I saw a great online article the other day, “5 Key Ways Crafting Heals Us” which is part of the Crafting to Heal series on the PsychCentral blogs. Handicrafts have always been popular, but it’s only in recent years that I have seen talk of how crafting can be helpful for mental health and wellbeing. Knitting is even being taught in schools again, and has had benefits such as improving concentration and behaviour as well as promoting a useful skill.
The Vercillo blog linked above explains the various ways crafting is beneficial – not just in distracting and soothing the mind, but also in promoting self-belief and pride in accomplishments. There is something in small, repetitive movements that quiets the mind – and of course having something tangible to show for it at the end can boost self-esteem! Similarly, Carl Jung’s favourite way to work through confusion was by carefully arranging stones with his hands.
I’ve written recently about embracing creativity, but how do you start?
I’ve met many adults who admire knitted, crocheted or sewn items, who say they cannot knit/crochet/sew and wish they could. Taking up a new craft can be a daunting prospect, so here’s my top tip – get a children’s starter set. Honestly! In my experience, adult kits can assume a level of knowledge and ability you might not feel ready for, and often steps are missing or taken for granted. Children’s kits are more likely to be simple and offer more detailed descriptions, clearer diagrams and more complete instructions.
Once you’ve mastered that, and you might be surprised at how quickly you do, move on. You need not spend a great deal of money – there are lots of free videos and tutorials online, and charity shops and small stationers often have good value materials. Online discussion boards can also be a good and easy way to ask for help and share your successes.
Many libraries and community centres run crafting and art groups, often at very low or nominal cost. Some children’s centres also offer groups for both children and their parents. This would also give you an opportunity to meet new people and build your confidence.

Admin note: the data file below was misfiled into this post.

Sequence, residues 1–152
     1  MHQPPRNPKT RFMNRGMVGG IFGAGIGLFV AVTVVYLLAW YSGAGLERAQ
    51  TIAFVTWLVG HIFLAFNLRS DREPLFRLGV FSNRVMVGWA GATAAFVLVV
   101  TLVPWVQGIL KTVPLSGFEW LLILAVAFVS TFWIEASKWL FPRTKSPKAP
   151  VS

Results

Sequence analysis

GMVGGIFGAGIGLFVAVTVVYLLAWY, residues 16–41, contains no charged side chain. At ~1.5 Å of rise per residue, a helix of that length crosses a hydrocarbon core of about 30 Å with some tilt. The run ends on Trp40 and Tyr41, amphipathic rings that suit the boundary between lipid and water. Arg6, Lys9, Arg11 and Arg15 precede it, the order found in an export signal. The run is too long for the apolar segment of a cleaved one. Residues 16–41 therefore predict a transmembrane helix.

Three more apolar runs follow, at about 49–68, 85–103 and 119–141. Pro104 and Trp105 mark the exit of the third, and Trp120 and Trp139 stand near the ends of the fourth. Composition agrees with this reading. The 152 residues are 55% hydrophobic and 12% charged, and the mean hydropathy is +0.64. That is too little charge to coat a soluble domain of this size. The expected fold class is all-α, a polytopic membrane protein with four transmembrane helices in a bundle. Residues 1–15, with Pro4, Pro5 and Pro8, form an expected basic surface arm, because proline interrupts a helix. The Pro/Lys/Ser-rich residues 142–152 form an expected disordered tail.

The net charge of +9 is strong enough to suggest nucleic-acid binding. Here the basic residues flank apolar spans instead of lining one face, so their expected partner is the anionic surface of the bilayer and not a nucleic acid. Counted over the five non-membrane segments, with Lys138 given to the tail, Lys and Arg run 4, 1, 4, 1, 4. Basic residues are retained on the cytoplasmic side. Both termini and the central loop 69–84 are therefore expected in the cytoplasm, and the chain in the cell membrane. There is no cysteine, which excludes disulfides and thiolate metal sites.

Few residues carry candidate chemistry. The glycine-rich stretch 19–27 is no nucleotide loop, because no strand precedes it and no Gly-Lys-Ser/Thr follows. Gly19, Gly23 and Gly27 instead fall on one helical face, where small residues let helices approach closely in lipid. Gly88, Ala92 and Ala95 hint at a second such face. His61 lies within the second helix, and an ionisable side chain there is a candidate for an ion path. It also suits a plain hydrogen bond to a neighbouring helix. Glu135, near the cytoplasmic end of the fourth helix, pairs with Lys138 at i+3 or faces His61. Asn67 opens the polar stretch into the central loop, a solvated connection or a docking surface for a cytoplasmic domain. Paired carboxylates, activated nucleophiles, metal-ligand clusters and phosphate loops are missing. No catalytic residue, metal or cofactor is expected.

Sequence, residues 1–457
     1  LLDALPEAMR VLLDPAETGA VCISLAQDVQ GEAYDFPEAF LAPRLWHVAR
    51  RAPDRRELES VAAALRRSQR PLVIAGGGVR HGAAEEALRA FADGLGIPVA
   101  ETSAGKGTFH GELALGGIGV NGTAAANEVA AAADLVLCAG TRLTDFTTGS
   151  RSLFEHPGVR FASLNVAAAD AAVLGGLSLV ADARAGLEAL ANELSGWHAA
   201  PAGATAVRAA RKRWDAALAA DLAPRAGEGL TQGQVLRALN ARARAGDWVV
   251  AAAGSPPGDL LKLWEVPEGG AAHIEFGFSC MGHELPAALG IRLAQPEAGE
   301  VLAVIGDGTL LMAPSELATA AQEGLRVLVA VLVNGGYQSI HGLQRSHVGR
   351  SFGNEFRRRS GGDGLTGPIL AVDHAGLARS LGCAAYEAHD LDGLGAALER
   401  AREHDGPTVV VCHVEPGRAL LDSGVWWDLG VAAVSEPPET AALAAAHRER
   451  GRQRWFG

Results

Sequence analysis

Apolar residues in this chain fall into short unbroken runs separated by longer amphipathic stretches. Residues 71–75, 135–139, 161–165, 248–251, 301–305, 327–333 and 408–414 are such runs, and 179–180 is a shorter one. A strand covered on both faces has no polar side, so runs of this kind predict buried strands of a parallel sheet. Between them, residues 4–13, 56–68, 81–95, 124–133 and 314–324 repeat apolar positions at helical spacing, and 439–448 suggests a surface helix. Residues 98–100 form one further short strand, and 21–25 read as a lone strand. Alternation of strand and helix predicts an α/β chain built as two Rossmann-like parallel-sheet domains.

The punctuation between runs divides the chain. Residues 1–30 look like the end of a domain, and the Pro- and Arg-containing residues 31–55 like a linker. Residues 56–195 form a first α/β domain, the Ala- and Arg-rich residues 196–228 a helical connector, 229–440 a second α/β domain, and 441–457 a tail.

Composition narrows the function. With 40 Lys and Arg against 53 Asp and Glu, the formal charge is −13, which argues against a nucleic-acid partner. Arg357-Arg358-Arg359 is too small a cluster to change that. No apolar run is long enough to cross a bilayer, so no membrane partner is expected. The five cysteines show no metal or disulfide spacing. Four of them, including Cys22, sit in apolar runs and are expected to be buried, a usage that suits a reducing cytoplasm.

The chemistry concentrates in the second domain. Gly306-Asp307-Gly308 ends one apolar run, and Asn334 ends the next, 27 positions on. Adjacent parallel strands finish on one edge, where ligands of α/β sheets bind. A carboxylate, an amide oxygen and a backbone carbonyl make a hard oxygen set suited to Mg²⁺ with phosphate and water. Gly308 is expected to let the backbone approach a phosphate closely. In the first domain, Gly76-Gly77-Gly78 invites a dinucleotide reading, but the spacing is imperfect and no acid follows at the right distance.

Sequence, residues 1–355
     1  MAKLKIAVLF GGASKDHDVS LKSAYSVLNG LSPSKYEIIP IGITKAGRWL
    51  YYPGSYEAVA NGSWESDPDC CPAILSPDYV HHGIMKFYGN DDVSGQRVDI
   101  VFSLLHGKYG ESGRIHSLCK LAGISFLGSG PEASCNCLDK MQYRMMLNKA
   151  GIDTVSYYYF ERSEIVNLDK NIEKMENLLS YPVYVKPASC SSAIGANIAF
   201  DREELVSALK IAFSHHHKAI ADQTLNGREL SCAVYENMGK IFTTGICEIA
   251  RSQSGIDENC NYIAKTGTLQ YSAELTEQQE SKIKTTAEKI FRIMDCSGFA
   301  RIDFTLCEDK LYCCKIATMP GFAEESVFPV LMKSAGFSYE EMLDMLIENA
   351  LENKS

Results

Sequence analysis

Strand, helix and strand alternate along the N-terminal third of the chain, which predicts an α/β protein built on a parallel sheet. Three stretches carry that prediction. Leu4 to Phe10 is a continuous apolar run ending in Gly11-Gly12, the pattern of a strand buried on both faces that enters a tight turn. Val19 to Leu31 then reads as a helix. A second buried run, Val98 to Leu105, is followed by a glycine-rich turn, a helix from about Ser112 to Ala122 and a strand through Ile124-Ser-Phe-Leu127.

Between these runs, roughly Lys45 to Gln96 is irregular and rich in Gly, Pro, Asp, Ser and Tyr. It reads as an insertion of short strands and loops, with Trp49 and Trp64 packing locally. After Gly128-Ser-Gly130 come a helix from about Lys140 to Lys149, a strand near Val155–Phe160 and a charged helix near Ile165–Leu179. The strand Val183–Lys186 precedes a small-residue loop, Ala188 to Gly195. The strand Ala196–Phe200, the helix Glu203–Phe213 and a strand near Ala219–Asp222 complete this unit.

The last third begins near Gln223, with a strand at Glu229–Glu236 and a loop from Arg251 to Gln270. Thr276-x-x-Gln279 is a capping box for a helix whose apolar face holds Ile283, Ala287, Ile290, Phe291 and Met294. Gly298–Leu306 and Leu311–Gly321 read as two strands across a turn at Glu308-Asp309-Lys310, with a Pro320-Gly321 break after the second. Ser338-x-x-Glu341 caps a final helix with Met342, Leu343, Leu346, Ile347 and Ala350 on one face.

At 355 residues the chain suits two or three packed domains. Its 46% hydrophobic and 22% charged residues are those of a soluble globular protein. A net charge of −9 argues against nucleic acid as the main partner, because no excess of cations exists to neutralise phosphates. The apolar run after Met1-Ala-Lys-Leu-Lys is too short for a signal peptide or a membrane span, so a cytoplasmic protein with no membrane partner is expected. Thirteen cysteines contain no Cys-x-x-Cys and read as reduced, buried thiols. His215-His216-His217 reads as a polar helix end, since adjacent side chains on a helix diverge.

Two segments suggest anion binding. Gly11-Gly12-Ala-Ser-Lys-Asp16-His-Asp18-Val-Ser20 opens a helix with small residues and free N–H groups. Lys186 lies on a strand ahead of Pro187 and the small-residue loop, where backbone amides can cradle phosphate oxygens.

The biggest hurdle is likely to be your self-belief. You might have spent many years saying, “I’m no good” or “I’ll never learn that”. Try adding the word “yet” and see how that could change. I’ll leave you with a quotation by Ira Glass to think on:
“Nobody tells this to people who are beginners, I wish someone told me. All of us who do creative work, we get into it because we have good taste. But there is this gap. For the first couple years you make stuff, it’s just not that good. It’s trying to be good, it has potential, but it’s not. But your taste, the thing that got you into the game, is still killer. And your taste is why your work disappoints you. A lot of people never get past this phase, they quit. Most people I know who do interesting, creative work went through years of this. We know our work doesn’t have this special thing that we want it to have. We all go through this. And if you are just starting out or you are still in this phase, you gotta know its normal and the most important thing you can do is do a lot of work. Put yourself on a deadline so that every week you will finish one story. It is only by going through a volume of work that you will close that gap, and your work will be as good as your ambitions. And I took longer to figure out how to do this than anyone I’ve ever met. It’s gonna take awhile. It’s normal to take awhile. You’ve just gotta fight your way through.”